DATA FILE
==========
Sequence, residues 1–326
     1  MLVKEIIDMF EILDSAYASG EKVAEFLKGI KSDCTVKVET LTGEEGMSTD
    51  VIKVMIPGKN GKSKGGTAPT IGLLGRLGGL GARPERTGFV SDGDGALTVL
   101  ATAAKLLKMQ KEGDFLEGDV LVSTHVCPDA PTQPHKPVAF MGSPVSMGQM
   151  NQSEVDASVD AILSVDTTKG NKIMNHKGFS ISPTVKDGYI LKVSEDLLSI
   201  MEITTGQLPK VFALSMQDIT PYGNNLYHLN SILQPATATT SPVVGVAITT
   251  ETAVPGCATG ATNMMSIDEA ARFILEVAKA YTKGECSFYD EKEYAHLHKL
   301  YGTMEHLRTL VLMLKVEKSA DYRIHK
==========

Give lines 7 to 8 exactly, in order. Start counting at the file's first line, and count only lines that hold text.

   251  ETAVPGCATG ATNMMSIDEA ARFILEVAKA YTKGECSFYD EKEYAHLHKL
   301  YGTMEHLRTL VLMLKVEKSA DYRIHK